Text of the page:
New Generation of "Bionic" Body Parts Help Paralyzed Walk Again

Nov. 18, 2010: Paralyzed, retired Israeli military vet Radi Kaiuf gets up with help of "ReWalk" "bionic" legs. The device, made in Israel by paralyzed inventor Amit Goffer, goes on sale in America in early 2011.
AP Photo/Oded Balilty
"ReWalks's" "bionic" legs help paralyzed walk.
Nov. 18, 2010: Paralyzed, retired Israeli military vet Radi Kaiuf gets up with help of "ReWalk" "bionic" legs. (AP Photo/Oded Balilty)

JERUSALEM (CBS/AP) Will robotic pants one day help the paralyzed walk?

Well actually, they already exist, thanks to Amit Goffer, an Isreali entrepreneur, who refused to take his paralysis sitting down.

Goffer lost the use of his legs in a 1997 car crash. So he invented a way out: robotic "pants" that use sensors and motors to allow paralyzed patients to stand, walk and even climb stairs.

After several years of clinical trials in Israel and the United States, units will go on sale in January to rehabilitation centers around the world.

Goffer's new legs are part of a growing trend of "bionic" body parts designed to help incapacitated patients.

Tibion Corp. of Sunnyvale, Calif., is promoting a "Bionic Leg" intended to help stroke patients walk again. Ossur of Iceland makes a powered knee prosthesis that lets amputees walk.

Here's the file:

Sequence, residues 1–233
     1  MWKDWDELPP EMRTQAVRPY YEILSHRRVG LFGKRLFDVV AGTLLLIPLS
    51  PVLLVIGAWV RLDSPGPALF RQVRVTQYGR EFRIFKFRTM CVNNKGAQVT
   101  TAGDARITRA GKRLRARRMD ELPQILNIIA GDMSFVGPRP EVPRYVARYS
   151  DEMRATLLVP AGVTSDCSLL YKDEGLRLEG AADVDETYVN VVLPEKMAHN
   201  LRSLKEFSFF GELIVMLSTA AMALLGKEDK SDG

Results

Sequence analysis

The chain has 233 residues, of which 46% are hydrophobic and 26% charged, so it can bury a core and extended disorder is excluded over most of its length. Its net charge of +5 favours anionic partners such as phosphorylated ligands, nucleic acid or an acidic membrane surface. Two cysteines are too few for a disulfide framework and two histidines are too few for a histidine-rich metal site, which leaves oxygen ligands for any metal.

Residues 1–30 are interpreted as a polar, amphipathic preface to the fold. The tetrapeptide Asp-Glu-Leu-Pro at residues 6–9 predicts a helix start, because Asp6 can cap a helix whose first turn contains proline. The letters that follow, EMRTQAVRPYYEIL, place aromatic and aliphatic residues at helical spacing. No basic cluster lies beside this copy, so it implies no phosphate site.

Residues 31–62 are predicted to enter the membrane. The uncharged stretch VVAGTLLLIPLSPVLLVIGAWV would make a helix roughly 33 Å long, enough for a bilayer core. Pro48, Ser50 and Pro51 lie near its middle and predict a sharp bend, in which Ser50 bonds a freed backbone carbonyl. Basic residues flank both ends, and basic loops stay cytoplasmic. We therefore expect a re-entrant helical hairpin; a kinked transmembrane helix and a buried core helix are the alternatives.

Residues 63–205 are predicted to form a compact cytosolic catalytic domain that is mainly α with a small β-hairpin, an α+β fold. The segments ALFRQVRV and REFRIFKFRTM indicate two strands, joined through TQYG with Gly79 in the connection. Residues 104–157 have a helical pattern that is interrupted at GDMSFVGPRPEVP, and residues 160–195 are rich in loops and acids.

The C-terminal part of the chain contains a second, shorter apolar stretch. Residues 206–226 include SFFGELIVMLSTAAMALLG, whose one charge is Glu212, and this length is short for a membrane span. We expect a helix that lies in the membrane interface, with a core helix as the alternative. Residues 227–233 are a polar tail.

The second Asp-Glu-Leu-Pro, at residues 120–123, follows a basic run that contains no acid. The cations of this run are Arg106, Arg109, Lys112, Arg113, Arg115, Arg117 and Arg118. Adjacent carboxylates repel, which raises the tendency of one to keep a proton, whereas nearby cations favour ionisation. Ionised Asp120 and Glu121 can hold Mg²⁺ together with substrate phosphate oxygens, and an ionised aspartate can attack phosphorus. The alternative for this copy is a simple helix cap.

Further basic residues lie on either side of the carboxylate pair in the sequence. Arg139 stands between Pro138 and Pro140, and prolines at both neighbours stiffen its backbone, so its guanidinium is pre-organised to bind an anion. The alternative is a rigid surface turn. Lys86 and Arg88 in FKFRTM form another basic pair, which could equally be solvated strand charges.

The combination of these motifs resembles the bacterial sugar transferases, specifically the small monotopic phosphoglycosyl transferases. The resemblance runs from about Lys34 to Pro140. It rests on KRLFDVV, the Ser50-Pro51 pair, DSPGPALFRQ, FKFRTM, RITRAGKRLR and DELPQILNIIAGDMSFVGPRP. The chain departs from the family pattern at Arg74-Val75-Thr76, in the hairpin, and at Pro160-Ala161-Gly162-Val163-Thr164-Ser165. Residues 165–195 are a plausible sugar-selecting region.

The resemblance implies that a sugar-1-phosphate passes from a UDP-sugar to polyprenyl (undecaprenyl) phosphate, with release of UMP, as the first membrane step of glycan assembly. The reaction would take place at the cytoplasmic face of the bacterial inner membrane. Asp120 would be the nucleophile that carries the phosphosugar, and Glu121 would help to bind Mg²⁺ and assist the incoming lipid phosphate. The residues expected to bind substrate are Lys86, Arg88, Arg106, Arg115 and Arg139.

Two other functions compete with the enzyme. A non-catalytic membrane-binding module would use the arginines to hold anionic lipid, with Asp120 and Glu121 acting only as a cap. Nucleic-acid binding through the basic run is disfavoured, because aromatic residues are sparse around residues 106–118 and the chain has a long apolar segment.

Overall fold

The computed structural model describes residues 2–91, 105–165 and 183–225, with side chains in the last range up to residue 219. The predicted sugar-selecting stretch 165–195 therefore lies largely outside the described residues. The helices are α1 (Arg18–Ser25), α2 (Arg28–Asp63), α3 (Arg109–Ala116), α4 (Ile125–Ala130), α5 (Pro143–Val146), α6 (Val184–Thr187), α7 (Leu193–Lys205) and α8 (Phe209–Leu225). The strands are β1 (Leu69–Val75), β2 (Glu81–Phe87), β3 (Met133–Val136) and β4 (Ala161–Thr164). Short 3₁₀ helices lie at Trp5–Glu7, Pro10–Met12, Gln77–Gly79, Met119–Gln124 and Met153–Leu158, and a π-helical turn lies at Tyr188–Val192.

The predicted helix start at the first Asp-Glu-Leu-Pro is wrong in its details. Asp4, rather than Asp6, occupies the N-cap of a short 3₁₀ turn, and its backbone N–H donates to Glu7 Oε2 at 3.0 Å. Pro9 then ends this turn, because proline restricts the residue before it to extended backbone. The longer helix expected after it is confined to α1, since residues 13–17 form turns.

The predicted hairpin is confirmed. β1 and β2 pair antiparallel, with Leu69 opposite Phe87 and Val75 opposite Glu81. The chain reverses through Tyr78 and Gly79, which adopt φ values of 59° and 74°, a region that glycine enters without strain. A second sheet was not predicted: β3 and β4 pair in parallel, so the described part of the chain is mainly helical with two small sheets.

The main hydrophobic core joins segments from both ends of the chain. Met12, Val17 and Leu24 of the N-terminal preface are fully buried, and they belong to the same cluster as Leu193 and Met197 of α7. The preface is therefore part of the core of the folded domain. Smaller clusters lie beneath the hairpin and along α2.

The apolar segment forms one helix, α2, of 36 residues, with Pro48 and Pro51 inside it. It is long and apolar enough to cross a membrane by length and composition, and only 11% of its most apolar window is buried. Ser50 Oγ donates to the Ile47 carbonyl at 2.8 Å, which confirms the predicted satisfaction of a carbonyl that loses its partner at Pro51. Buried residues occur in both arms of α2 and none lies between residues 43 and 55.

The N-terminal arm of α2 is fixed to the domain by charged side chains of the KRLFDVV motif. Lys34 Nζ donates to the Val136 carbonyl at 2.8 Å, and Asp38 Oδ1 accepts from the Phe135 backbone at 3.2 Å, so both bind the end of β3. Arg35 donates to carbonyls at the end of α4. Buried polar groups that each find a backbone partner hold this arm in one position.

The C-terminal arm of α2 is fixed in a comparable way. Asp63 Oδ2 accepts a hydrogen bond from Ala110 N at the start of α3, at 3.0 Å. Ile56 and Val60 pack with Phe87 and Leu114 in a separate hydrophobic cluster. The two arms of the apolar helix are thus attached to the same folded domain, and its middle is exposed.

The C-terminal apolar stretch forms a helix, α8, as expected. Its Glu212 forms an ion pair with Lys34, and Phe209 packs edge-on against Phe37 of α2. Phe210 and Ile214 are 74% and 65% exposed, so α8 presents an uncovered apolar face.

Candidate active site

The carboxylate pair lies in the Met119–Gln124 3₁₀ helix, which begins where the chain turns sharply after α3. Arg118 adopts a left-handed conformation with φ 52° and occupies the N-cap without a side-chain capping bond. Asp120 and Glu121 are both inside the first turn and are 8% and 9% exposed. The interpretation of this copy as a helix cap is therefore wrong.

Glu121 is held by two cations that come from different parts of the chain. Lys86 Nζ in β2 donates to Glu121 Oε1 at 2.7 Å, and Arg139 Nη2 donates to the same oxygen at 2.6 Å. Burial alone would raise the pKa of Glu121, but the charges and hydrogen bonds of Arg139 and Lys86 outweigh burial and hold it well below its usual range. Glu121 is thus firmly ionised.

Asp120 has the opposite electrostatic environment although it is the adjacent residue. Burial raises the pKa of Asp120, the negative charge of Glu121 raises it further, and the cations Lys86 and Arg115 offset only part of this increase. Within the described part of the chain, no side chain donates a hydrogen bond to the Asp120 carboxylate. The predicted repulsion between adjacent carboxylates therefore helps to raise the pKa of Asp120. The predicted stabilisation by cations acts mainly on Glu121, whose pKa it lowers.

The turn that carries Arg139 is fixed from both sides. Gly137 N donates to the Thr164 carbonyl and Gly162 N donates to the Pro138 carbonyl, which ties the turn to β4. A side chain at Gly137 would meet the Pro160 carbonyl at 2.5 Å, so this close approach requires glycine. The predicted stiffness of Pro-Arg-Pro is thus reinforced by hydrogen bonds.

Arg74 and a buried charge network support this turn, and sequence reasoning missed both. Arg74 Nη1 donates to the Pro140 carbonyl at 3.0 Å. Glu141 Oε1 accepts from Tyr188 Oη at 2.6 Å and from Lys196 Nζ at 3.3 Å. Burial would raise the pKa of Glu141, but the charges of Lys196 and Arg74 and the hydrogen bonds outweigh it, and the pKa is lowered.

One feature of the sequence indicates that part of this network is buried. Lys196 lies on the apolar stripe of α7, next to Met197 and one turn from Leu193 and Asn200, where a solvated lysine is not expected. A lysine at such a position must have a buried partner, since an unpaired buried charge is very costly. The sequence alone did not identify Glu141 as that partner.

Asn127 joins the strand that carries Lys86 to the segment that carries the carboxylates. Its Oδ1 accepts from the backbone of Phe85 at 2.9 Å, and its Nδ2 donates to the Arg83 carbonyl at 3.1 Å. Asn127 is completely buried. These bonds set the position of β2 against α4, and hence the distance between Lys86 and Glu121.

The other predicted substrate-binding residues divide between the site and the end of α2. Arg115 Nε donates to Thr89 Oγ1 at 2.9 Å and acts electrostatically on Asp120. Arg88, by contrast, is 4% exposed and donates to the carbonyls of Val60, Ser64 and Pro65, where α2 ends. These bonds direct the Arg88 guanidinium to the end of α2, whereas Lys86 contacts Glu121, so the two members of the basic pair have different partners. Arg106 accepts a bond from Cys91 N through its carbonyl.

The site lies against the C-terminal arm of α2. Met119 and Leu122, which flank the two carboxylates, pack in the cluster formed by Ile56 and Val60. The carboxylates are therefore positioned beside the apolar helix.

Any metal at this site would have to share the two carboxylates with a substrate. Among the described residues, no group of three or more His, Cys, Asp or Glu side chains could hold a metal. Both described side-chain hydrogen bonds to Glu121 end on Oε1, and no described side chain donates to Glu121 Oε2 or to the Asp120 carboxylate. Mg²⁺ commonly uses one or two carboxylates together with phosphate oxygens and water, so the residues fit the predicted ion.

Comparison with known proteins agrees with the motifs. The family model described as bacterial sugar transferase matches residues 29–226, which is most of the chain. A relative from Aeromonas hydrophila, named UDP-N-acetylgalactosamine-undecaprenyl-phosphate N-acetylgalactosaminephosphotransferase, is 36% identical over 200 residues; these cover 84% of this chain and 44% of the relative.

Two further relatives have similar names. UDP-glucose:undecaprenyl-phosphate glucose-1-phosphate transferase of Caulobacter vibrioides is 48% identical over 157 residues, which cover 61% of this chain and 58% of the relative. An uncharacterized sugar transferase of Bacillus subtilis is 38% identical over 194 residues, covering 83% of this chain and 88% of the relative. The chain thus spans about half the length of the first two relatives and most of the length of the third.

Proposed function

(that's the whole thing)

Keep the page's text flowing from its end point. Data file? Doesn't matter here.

New Zealand-based Rex Bionics has developed a fully robotic, joystick operated unit, and others have marketed performance augmentation units that are not necessarily designed for the handicapped.

Goffer's system, called "ReWalk" and sold by his company Argo Medical, uses crutches for stability when users lean forward and move their upper body in different ways.

The 35-pound device, worn outside of clothing, consists of leg braces outfitted with motion sensors and motorized joints that respond to subtle changes in upper-body movement and shifts in balance. A harness around the patient's waist and shoulders keeps the suit in place, and a backpack holds the computer and rechargeable 3 1/2-hour battery.

When operated, it makes clanging robotic sounds, like the hero of the 1980s cult movie "Robocop."

"ReWalk is a man-machine device. The machine cannot walk by itself. The user cannot walk by himself. Only when they are together they can walk," said Oren Tamari, Argo's chief operating officer.

And while the new bionic parts may not let people run as fast as a car or strong enough to bend steel, for the paralyzed the gains of mobility are just as miraculous.

"I have a 3-year-old daughter," said ReWalk user Radi Kaiuf, who was paralyzed in the Israeli military. "The first time she saw me walking, she was silent for the first few minutes and then she said, 'Daddy you are tall.'"

"It made me feel so good," he said, "like I was soaring."